Libor was in everything, from mortgages in Alabama to business loans in Liverpool to the hundreds of billions of dollars in bailout money given to banks during the financial crisis […] Despite its pervasiveness, the benchmark resided in a kind of regulatory wasteland.
Between December 2007 and January 2013, traders at UBS, Bank of America, Citigroup, JP Morgan, Barclays and the Royal Bank of Scotland (RBS) were found to have been involved in manipulating benchmark exchange rates, which later led to six banks being fined $5.6bn over the rigging of foreign exchange markets as well as to changes in the regulation of Libor.
Image Credit: (Christopher Dombres CC0)
The British Bankers’ Association, Financial Services Authority and the Bank of England all get unfavourable mentions due to their (lack of) involvement in the oversight of Libor. However, in addition to explaining the broader regulatory setting and presenting a thorough historic account preceding the unravelling of the Libor scandal, the book delves into a very personal story revolving around Thomas Alexander William Hayes, one of the key people found to have rigged Libor.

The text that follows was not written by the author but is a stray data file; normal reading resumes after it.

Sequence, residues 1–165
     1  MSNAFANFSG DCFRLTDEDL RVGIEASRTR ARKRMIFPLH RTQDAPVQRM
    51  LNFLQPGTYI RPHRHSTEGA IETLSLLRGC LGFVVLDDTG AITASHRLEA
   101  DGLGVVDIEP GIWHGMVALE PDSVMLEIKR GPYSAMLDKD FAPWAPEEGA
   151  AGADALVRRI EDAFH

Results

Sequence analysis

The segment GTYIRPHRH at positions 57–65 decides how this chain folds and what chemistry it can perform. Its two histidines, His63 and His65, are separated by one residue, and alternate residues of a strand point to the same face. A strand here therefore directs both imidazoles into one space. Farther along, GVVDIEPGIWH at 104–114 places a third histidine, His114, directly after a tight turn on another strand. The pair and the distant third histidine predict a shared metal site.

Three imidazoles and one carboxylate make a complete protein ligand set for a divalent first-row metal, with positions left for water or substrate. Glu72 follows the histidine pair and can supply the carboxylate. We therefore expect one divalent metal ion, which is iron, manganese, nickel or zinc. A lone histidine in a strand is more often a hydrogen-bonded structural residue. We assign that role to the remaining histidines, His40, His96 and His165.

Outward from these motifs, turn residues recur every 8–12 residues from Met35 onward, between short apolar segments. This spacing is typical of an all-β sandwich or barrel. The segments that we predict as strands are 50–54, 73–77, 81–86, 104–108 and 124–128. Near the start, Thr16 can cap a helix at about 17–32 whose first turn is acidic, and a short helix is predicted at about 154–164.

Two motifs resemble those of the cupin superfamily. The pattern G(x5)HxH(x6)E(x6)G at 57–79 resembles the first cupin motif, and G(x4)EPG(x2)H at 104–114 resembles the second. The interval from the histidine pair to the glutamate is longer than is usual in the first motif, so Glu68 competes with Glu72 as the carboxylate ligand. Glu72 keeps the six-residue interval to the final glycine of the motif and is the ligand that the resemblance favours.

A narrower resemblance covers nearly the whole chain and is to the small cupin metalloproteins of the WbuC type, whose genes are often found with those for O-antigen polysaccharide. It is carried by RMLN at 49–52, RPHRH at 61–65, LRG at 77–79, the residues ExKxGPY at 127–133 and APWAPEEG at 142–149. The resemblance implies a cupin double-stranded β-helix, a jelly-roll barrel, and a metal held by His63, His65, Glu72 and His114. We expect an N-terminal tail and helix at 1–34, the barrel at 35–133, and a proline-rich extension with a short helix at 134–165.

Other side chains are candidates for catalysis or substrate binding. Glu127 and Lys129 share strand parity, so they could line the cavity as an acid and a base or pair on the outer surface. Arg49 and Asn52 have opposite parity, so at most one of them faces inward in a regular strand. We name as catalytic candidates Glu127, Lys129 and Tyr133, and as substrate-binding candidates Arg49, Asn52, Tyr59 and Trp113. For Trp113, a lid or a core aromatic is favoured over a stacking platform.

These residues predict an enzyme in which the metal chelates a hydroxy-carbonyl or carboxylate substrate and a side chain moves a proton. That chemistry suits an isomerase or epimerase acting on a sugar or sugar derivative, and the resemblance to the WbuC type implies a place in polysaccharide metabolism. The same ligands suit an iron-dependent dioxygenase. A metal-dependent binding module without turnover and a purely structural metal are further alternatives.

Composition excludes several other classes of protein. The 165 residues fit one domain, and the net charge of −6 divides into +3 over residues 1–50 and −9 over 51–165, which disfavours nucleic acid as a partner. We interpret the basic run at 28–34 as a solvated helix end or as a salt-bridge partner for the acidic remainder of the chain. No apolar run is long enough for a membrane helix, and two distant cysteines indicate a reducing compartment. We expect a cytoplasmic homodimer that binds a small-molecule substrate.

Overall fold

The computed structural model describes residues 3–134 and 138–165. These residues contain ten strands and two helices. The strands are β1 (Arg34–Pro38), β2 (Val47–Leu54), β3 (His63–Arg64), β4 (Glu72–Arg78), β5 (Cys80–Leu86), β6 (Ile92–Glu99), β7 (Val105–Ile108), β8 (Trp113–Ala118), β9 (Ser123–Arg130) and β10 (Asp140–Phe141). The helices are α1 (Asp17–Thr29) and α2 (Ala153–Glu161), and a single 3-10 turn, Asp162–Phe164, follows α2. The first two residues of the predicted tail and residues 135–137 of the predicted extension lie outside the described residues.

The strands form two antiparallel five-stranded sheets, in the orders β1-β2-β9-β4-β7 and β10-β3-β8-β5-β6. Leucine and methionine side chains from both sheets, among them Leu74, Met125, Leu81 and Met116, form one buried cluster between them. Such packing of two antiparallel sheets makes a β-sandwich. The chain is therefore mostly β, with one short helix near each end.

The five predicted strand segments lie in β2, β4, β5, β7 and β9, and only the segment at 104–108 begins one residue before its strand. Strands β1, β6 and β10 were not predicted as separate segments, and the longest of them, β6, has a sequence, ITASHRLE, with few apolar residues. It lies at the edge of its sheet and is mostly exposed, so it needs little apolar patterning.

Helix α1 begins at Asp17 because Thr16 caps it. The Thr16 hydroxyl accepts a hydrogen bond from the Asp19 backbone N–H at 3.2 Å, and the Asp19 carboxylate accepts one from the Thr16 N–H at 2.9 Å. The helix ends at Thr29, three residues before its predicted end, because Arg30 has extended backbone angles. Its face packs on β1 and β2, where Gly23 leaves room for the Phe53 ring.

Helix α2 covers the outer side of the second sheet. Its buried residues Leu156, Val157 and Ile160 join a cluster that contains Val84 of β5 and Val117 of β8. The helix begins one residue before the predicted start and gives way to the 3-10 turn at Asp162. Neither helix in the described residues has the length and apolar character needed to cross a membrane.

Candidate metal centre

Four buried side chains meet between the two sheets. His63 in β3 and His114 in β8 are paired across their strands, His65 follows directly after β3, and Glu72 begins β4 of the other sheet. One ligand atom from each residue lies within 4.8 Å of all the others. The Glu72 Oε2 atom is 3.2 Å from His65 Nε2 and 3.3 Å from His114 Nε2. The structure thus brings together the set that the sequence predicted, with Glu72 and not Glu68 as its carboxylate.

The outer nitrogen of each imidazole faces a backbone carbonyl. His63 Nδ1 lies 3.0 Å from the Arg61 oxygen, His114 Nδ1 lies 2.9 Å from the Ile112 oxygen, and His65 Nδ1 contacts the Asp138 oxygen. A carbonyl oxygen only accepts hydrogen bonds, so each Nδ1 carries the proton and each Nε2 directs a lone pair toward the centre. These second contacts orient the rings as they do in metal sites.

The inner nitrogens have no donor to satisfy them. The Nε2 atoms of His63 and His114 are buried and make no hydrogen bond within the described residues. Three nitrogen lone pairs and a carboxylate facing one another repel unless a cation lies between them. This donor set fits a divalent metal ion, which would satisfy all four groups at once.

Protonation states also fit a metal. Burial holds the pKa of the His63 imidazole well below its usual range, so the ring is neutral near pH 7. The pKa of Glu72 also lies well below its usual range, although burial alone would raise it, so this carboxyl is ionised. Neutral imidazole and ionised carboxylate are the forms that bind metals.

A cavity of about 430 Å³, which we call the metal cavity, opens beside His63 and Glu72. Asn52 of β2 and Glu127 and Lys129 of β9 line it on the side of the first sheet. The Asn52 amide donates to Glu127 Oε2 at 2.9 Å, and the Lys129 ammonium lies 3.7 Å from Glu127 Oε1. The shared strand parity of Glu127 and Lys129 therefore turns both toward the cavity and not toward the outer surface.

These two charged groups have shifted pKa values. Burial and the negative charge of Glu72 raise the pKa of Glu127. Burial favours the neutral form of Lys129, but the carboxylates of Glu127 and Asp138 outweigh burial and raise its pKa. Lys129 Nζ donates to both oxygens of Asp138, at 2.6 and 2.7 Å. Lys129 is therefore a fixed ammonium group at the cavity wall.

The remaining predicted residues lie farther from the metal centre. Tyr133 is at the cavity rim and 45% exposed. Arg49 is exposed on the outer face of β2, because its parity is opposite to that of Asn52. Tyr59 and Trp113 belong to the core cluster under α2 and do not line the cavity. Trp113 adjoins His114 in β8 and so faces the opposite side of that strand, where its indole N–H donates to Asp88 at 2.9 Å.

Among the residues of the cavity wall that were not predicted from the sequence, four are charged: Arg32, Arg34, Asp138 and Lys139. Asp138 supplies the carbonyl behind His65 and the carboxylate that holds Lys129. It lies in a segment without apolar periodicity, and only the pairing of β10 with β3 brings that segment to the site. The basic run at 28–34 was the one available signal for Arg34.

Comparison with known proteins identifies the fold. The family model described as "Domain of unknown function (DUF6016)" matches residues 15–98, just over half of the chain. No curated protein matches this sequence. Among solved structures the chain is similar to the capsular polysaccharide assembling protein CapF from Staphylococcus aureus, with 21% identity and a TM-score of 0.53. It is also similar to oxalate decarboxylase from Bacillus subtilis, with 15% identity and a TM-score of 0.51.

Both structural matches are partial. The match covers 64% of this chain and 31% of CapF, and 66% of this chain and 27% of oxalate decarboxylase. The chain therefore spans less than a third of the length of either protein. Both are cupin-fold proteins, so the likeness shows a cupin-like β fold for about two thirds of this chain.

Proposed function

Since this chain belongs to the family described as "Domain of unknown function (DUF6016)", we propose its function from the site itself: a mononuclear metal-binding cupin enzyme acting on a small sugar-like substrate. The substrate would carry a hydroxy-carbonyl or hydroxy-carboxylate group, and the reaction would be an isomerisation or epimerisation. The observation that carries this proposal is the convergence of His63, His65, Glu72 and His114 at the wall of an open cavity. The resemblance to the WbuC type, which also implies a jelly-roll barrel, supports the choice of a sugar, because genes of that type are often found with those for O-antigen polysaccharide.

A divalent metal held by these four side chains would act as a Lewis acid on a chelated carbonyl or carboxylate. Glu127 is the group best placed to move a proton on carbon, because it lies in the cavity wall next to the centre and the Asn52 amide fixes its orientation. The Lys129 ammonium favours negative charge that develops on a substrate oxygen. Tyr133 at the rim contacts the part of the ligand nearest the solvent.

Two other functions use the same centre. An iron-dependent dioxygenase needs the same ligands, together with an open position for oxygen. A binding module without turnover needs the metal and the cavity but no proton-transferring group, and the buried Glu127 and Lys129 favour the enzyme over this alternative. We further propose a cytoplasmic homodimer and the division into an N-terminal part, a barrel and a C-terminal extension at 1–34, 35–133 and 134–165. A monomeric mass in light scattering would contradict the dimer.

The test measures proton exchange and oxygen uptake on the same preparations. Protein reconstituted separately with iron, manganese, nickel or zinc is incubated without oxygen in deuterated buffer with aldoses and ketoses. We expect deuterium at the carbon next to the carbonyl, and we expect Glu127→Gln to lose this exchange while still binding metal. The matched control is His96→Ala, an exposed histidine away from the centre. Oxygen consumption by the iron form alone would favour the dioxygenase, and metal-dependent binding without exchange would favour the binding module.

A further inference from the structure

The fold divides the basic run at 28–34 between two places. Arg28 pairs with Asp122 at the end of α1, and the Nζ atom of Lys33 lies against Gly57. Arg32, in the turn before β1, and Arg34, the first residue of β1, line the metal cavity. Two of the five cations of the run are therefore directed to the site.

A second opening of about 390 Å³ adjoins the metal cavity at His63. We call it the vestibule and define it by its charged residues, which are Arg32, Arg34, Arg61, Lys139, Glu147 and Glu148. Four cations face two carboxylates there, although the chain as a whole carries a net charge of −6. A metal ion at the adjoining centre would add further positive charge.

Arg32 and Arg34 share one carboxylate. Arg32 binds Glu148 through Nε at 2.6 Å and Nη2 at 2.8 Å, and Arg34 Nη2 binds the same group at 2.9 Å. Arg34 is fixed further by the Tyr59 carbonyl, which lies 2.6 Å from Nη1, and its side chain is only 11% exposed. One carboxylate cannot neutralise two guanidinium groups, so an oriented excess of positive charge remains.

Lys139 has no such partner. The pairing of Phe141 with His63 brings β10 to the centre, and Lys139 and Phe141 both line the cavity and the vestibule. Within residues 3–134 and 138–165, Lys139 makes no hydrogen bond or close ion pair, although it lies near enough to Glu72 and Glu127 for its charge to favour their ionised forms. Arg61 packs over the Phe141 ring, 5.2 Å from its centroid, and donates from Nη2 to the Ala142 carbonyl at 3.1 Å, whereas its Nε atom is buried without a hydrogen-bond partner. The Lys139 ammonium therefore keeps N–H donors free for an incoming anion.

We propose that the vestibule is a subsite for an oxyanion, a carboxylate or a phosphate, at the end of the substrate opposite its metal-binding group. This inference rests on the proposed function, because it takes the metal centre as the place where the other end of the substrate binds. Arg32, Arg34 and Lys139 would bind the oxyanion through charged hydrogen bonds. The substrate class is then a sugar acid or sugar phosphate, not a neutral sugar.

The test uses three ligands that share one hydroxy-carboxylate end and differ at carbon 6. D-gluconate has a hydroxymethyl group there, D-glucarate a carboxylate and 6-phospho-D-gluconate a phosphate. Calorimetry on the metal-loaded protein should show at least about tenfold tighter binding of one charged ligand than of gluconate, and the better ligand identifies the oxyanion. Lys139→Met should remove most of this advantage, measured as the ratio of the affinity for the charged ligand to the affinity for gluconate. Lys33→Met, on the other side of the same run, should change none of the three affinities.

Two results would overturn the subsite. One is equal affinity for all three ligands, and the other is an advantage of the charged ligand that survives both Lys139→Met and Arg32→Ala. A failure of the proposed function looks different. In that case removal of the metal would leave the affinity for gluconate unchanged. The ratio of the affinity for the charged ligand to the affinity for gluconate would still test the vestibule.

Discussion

Born in 1979, Hayes studied maths and engineering, interned in UBS and joined RBS after graduating. Teasingly called ‘Tommy Chocolate’ by his colleagues due to his preference for hot chocolate over alcohol, Hayes is described as a meticulous man who identified the formula for his personal success as ‘make money and everything else will follow’. Yet another ruthless, selfish, money-driven banker, one might conclude and shut the book; but I appreciated the authors alluding to the hard work that went into his career as he ‘read voraciously about markets, options-pricing models, interest rate curves, and other financial arcana’.